Protecting the integrity of the greatest game.
It's our responsibility to strengthen the sport.
Ensuring a consistent and fair game that is decided on the field, by the players.
Ensuring that players conduct themselves in a way that honors the sport and respects the game.
The NFL's schedule of infractions and fines, and a process for appeal.
The NFL strives to cultivate a qualified and diverse workforce.
Honoring the league’s commitment to serve the communities where the game is played.
Meet the people behind NFL Operations.
Learn about the people, the jobs and the technology that deliver the best game possible to NFL fans across the U.S. and around the world.
Countdown to kickoff: how NFL games happen.
In the NFL, balancing technology with tradition.
How television has changed the game.
Upon further review…
It takes hundreds of computers and four NFL executives to create the NFL's 256-game masterpiece.
Learn how NFL players have changed over time, how they’re developed and drafted and how the league works with them after their playing days are over.
Creating an NFL player: from “everyman” to “superman.”
Supporting the next generation of players and fans.
Preparing players of all ages for success at football’s highest level.
Introducing the next wave of NFL superstars.
A look at the programs the NFL and its partners provide to help every player before, during and after his football career.
Celebrating, educating, embracing and connecting all former NFL players with each other, their former teams and the league.
Discover the evolution of professional officiating, the weekly evaluation process and how the NFL identifies and develops the next generation of officials.
“One thing hasn’t changed: the pressure. It will always be there.”
The latest information from the NFL's officiating command center.
Every week, officials take the field ready to put months of preparation, training and hard work on display, knowing that the whole world — and the Officiating Department — is watching.
Officiating an NFL game takes years of training and experience.
NFL Football Operations protects the integrity of the game by ensuring that the rules and the officiating are consistent and fair to all competitors.
The custodians of football not only have protected its integrity, but have also revised its playing rules to protect the players, and to make the games fairer and more entertaining.
Explore the official rules of the game.
The NFL Video Rulebook explains NFL rules with video examples.
The NFL's procedures for breaking ties for postseason playoffs.
The NFL's familiar hand signals help fans better understand the game.
Sharpen your NFL football knowledge with this glossary of the game's fundamental terms.
See where the players line up in pro football's most common offensive and defensive formations.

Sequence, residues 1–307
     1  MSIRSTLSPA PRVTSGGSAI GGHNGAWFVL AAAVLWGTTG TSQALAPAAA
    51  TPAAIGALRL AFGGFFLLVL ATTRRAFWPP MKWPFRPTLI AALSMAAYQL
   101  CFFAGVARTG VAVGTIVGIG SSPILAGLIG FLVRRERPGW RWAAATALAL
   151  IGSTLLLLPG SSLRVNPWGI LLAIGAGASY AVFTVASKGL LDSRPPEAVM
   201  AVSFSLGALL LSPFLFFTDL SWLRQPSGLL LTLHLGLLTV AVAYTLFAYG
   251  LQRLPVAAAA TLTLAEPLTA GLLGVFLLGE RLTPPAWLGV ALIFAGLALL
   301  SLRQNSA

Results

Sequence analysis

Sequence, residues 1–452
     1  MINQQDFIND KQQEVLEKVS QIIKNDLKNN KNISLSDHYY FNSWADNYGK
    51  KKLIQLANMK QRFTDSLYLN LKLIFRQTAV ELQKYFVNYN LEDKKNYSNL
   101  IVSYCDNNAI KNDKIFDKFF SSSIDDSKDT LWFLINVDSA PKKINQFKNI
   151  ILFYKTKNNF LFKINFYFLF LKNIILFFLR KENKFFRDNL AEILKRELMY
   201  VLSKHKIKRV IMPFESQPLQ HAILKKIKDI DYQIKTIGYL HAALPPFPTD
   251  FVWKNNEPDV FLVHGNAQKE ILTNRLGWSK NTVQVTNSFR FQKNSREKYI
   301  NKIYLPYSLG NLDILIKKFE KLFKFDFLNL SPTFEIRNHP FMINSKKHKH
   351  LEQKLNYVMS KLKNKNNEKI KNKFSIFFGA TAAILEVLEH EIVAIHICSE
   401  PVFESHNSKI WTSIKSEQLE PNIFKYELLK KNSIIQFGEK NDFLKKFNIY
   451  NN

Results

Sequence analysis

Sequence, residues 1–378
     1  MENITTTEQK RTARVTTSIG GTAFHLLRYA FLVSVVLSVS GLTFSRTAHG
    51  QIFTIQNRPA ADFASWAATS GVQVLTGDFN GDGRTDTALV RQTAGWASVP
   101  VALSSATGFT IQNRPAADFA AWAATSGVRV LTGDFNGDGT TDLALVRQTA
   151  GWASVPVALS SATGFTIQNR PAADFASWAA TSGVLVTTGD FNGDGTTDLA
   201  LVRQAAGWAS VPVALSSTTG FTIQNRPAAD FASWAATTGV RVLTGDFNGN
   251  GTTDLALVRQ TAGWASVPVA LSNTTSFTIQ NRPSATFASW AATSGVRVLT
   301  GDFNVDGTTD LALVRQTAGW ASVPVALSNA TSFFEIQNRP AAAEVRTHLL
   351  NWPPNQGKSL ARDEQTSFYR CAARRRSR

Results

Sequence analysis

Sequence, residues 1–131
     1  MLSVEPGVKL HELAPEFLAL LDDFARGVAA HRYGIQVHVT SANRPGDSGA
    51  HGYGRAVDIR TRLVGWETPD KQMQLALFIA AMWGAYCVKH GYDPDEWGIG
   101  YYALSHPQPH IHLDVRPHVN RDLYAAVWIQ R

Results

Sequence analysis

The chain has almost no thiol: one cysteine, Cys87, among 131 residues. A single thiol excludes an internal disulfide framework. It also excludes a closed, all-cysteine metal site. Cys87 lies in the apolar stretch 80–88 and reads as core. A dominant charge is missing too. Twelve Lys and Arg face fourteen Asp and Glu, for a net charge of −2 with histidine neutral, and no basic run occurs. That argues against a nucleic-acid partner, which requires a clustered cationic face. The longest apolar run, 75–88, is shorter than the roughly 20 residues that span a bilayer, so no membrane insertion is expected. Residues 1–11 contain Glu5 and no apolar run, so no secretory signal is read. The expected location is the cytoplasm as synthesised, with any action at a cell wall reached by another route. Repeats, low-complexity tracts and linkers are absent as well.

Understand what the graphics on NFL television broadcasts mean and how they can help you get the most out of watching NFL games.
The NFL’s instant replay review process focuses on expediting instant replay reviews and ensuring consistency. Learn how it works.
Go inside the game with the NFL's official game stats. Sort the stats by season or by week.
Chart and compare the NFL Football Operations stats you're looking for with the NFL's data tool.
Get a snapshot of the current NFL game stats, updated weekly during the regular season.
By John Ingoldsby
NEW YORK – The NFL’s grand experiment of live streaming a game for the first time ever may someday be viewed as the day that opened the floodgates to a new way for the world to watch football.
Just three days after the Jacksonville Jaguars beat the Buffalo Bills in London, Hans Schroeder from the NFL and Ken Fuchs from Yahoo Sports, which carried the game, provided their early feedback to an audience attending the annual Sports Business Journal’s Sports Media & Technology conference.
The duo deemed the breakthrough broadcast viewed by approximately 15 million people worldwide as a win, which Schroeder summed up by saying, “It was a resounding statement of success and overwhelming reaction with most everyone saying what we wanted to hear, ‘Wow, it looks like TV.’”
As the Senior Vice President of Media Strategy for Business Development and Sales, Schroeder said he watched the game with a large group of colleagues in a conference room at the NFL’s New York headquarters.
“We had about 30 devices, including tablets, phones, and PCs, with Commissioner Roger Goodell connected in as well,” stated Schroeder. “It was great, and the quality of the video was remarkable, and we were all very excited in the room and felt good about it.”
Importantly, the excitement beyond the room and around the globe was equally upbeat, with Fuchs, the Vice President and Group Lead of Yahoo Sports & Finance and Product Partnerships, saying, “We reached every part of the Globe with one-third of the viewers being international in 185 countries.”
Schroeder added, “Ultimately, this will make a difference in how we think about game distribution, with the most exciting aspect being the opportunity to enjoy watching live sports on digital.”
The game itself, which was produced by CBS for Yahoo Sports, also helped as the third-ever 9:30 am EST start time kicked off a competitive 34-31 game that captured viewers’ attention.
“The early-morning is an interesting time slot that holds an appeal here, but of course it’s prime time for instance in Eastern Europe,” said Schroeder. We only had one commercial break in the third quarter so we received significant feedback that it felt like more action, and our only regret was that there was no overtime.”
Now, with the game over, what comes next?
“We have a lot to think through and a lot of work to do as we build off the real insights we received from the scale and size of digital,” Schroeder said. “We learned that this is a real and viable experience that is out there for viewers, and we are excited that we can unlock an even bigger audience for NFL football worldwide.”